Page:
Alcohol, tobacco and prescription drugs are a few well-known causes of erectile dysfunction. But plenty of guys who don’t touch the stuff experience erectile dysfunction, too—and for many different reasons. Below, you’ll find five lesser-known causes of erectile dysfunction, explained by Dr. Seth Cohen, assistant professor of urology at the NYU Langone Medical Center.
Are you assaulted by a fear of not performing well in the sack? That can cause erectile dysfunction—and for a scientific reason. Performance anxiety launches the body into a fight-or-flight response, which increases the production of a hormone called cortisol. As Cohen explains, cortisol increases blood flow to the brain and the muscles, which in an actual fight-or-flight situation, would benefit you: The extra blood flow would provide your muscles with the strength necessary to fight or… well, flight. When you’re about to do the deed, however, cortisol is your erection’s worst enemy: “You’ll experience a racing heart and blood flow to the muscles, but we’re not designed to have an erection while running away from a gorilla or a tiger,” Cohen explains. Now that’s an interesting image.
The treatment for sexual performance anxiety (more specifically, psychogenic erectile dysfunction) is typically psychological in nature. “Psychiatry, psychology, sex therapy—you have to work on the issue preventing you from relaxing and having an enjoyable intimate moment,” Cohen adds. This sex guide might also help you relax before hopping between the sheets.
Any kind of damage to the penis can cause erectile dysfunction, for obvious reasons. Here are a few more common causes of penile trauma, according to Cohen:
- Rough Sex: “Penile fracture, or breaking one’s penis, usually happens during rough sexual intercourse,” Cohen explains. “The penis has a thick inner layer that holds the erectile tubes, and if you put too much pressure onto these tubes, your penis will snap.” To clarify, this isn’t a broken bone—in fact, the penis contains zero bones. But the erectile tubes are essential to stiffness, so if they snap, you won’t be able to get it up.
- Prone Masturbation: “Prone masturbation is the act of rubbing the penis against a bed to achieve erection and to ejaculate,” Cohen explains. “The penis was not designed to be rubbed in a strenuous manner against a flat object.” As such, prone masturbation can traumatize the arteries and nerves within the penis—and if you traumatize them enough, boom: Erectile dysfunction.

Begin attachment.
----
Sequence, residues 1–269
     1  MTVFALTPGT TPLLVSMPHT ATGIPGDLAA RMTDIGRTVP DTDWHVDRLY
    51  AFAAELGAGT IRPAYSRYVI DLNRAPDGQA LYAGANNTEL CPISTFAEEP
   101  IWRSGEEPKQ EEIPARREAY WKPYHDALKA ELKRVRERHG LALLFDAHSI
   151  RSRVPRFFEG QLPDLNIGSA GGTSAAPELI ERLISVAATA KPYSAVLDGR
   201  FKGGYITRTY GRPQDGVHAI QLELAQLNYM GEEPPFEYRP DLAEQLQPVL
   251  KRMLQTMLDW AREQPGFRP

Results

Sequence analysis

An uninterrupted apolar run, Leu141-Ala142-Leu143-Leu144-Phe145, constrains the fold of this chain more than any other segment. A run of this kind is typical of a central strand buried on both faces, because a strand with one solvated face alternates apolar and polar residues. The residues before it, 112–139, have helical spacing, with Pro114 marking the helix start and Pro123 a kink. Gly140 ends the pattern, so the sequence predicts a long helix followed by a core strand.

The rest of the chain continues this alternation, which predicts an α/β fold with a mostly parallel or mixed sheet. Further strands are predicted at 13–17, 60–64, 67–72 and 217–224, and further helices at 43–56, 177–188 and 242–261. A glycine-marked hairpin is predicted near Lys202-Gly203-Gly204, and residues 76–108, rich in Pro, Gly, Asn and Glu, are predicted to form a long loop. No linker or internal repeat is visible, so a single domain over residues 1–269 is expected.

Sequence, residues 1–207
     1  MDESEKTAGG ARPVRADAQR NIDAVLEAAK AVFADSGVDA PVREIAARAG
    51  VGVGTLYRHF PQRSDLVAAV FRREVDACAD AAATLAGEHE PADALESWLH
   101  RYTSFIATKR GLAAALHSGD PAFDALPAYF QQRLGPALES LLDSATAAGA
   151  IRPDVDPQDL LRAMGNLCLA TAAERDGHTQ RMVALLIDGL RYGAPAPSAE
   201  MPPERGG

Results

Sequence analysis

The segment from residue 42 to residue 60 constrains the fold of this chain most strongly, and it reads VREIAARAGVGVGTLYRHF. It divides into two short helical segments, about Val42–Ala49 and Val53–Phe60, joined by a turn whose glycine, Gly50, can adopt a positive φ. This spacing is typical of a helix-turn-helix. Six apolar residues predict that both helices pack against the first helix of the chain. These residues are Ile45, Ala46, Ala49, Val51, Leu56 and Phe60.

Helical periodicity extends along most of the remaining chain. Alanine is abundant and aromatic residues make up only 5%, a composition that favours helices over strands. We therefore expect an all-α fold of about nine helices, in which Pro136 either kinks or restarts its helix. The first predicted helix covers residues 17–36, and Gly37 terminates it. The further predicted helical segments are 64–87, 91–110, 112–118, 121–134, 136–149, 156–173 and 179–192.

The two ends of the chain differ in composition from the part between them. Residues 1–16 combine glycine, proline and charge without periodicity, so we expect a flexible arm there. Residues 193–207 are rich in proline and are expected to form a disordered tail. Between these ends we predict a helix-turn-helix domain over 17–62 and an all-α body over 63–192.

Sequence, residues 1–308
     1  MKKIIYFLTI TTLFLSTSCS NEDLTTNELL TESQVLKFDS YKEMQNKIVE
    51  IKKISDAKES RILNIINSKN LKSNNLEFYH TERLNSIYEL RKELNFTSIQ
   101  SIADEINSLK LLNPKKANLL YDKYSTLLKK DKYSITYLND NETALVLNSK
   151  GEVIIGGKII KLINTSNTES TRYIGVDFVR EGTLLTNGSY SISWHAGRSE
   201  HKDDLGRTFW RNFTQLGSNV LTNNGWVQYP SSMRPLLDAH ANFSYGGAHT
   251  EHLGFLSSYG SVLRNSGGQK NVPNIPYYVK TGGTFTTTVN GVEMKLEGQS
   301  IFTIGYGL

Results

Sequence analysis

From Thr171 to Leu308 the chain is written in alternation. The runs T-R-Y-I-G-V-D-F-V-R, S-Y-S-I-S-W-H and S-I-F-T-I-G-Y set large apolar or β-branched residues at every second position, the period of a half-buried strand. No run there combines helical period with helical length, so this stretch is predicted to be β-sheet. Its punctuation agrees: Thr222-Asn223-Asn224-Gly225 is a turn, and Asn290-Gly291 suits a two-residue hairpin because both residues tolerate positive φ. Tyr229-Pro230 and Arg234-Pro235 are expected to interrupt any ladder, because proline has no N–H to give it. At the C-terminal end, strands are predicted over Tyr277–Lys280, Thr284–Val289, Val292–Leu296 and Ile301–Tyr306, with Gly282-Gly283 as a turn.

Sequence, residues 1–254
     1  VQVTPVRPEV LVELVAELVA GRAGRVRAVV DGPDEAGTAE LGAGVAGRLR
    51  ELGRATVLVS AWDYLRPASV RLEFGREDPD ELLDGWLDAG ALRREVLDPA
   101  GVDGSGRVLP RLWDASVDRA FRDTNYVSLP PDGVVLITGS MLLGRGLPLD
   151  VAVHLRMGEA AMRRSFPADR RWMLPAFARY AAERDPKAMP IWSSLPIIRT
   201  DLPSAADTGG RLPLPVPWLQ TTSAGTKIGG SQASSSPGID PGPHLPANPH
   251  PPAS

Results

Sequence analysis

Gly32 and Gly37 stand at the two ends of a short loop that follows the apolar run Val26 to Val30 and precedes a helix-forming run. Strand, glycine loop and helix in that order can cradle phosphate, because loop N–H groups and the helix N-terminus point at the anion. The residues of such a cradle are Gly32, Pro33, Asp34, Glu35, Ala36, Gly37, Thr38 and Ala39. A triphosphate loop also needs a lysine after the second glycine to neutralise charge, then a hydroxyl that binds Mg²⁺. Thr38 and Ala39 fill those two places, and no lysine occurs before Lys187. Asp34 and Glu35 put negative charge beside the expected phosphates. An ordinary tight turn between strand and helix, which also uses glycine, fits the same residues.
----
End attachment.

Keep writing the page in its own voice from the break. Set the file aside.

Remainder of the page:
If you’re running on fumes, your body automatically starts pumping out cortisol, which as we mentioned early on, won’t do your erection any favors: “Cortisol doesn’t care about your erections—it just wants to keep your heart pumping,” Cohen explains, adding that sleep deprivation also messes with testosterone levels.
Metabolic syndrome is a cluster of conditions—including increased blood pressure, high blood sugar, excess body fat around the waist and abnormal cholesterol—that increase your risk of heart disease, stroke and diabetes. Having any one of these conditions will also increase your risk of erectile dysfunction. “What diabetes and high blood pressure do is deposit plaque within the arteries throughout the body,” Cohen explains. “The small arteries throughout the body—like those in the penis—are very susceptible to damage and injury as a result.” That’s a real downer, so to speak.
Hypogonadism (Aka, Low Testosterone)
As Cohen explains, the testicles have two main functions: Producing sperm and testosterone. If, however, they become lethargic about producing testosterone—which can happen as a result of hormonal disorders, diabetes or even being kicked in the balls—you’re sure to experience a lower sex drive and erectile dysfunction, since testosterone is the primary male sex hormone.
While it’s possible to supplement testosterone, it comes at a price. “When you take testosterone, you basically tell the brain there’s no purpose for your testicles anymore,” Cohen explains. “Your testicles stop making testosterone and sperm while you’re supplementing, which will make you infertile for the time being.” Numerous studies found that supplementing testosterone resulted in low sperm concentration (oligozoospermia) or even complete absence of sperm in semen (azoospermia) within just 10 weeks.
It’s also extremely important to visit a specialist if you’re experiencing erectile dysfunction, rather than snagging off-label testosterone pills from your buddy at the gym. According to Cohen, those pills can do permanent damage to your baby makers, since adding testosterone to the body through supplementation (especially in inappropriate doses) impedes sperm production.
Treating & Preventing Erectile Dysfunction
So, what can you do to prevent erectile dysfunction? For starters, take care of yourself: Get plenty of sleep and eat well. Second, visit a sex therapist if just the thought of sex causes your palms to sweat. Lastly, protect your penis with all your might. Following this advice, erectile dysfunction will be a thing of the past, and you (and your penis) will be up and running in no time.